La Storia d’Italia…Part II


I Mosaici…Mapping The Mosaics of Italy


As we travel through my map of
Italian art history, the intricate mosaics shown in the illustration are examples of this enduring art form found throughout the country. Strikingly beautiful, mosaics can certainly tell us much about Italy’s history as well.

Along the northeast coast of the peninsula lies Ravenna, home to one of the most storied treasures of ancient mosaics in the world. Beautifully preserved and richly colored, these intricate masterpieces can be found in several sites including San Vitale, Galla Placidia Mausoleum, San Apollinare Nuovo and San Apollinare in Classe.

Constructed in the 6th century, the octagonal San Vitale retains a solid almost severe exterior, belying the glorious art it holds. Looking up at the golden halo mosaic surrounding the depiction of Emperor Justinian I felt the power of this great work of art. The ruler of the Byzantine Empire and conquerer of Ravenna stands before us with his eternally unblinking stare, a commanding presence in the stillness of the ancient basilica. On the opposing wall, a mosaic of Justinian’s wife, Empress Theodora, gazes across the centuries toward her husband. The portraits of the royals, crowned with jewels and pearls, make it easy to imagine the pomp and ceremony surrounding their regal court.

Heading south, we arrive in Rome at Santa Costanza, originally built by Emperor Constantine in 350 AD as a mausoleum for his daughter. Unpretentious on its exterior, the interior is filled with delicately designed mosaics giving the space an airy, ethereal atmosphere. What strikes me about these mosaics is that they employ a pale background; the images retain a very crisp and defined appearance. Here, the vault and walls are covered with ornate swirls of olive branches, grape vines, fruit, floral and geometric motifs. Objects float, as if suspended in space: painted urns, bowls, doves, peacocks, mortar & pestle and other depictions of domestic life – each item lends its distinctive shape to become part of the whole design.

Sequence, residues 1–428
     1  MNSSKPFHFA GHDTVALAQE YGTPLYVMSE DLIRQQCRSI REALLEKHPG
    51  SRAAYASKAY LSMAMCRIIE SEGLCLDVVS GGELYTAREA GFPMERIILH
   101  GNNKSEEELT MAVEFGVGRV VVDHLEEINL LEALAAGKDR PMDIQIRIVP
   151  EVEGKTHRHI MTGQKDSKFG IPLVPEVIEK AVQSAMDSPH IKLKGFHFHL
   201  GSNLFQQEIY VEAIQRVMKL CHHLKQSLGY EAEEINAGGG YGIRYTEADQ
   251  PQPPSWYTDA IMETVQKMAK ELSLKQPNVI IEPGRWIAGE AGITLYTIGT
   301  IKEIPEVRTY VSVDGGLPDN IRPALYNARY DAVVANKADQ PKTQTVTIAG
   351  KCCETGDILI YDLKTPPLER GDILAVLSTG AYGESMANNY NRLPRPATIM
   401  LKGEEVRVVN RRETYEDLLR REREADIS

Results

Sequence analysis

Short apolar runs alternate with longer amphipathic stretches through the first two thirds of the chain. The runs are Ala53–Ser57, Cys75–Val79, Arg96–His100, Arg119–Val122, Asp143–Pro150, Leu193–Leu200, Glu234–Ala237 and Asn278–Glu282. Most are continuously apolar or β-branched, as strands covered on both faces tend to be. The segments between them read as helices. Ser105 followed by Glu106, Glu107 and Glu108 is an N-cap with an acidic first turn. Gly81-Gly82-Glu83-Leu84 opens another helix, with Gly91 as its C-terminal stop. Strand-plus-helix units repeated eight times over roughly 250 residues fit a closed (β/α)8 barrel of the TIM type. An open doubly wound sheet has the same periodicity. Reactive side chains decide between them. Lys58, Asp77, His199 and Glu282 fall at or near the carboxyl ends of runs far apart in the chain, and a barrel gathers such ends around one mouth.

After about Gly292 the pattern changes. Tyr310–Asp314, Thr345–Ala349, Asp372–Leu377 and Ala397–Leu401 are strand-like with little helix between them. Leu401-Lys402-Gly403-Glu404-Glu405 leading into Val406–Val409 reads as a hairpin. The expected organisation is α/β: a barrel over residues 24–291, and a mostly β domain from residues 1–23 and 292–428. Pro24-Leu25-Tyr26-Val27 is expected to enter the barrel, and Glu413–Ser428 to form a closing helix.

Herculaneum, known as Ercolano in Italy, lies on the southwest coastline of the boot, just southeast of Naples. Frequently overshadowed by the fame of nearby Pompei, the ruins of Herculaneum are an archeological treasure on their own. Of all the mosaics in Italy, these pieces truly celebrate daily life by elevating the mundane while offering a glimpse of how some Romans lived in the first century AD.

Herculaneum mosaics display a variety of subjects including domestic animals and a dining room depiction of food scraps seemingly tossed onto the floor. My favorite piece is the floor of the women’s bath house that depicts an octopus, lobsters and dolphins all surrounding a majestic Triton of the sea. I’m guessing that the sheer exuberance of the tentacles and dolphin tails created a memorable impression upon all who entered this space many centuries ago just as it still does today. The violent eruption of nearby Mt. Vesuvius in AD 79 covered the city and its inhabitants in mud flows and volcanic ash, abruptly destroying the town yet preserving it for future archeological discovery. It would be another sixteen centuries before the first rudimentary excavations of Herculaneum began.

The Villa Romana del Casale, located on the island of Sicily, is the site of the richest collection of late Roman mosaics. Arguably the most famous mosaic of the villa, my illustration depicts a group of female athletes competing in various sports. Wearing their chic two-piece athletic gear, this mosaic is often referred to as “The Bikini Girls”. Here, winners of the sporting contests are crowned with flowers and bestowed with palm fronds. Created during the late 3rd century and the early 4th century AD, the remains of this once luxurious villa are home to a tremendous quantity of beautifully preserved mosaics including boar hunting scenes, whimsical designs (think cherubs fishing from a boat) and geometric patterns.

To view the full illustration, see Part I of my Italian History Map blog dated 4/29/10. I’ll be posting the third and final installment of my blog dedicated to this map soon. Until then, I wish you “Arrivederci”.


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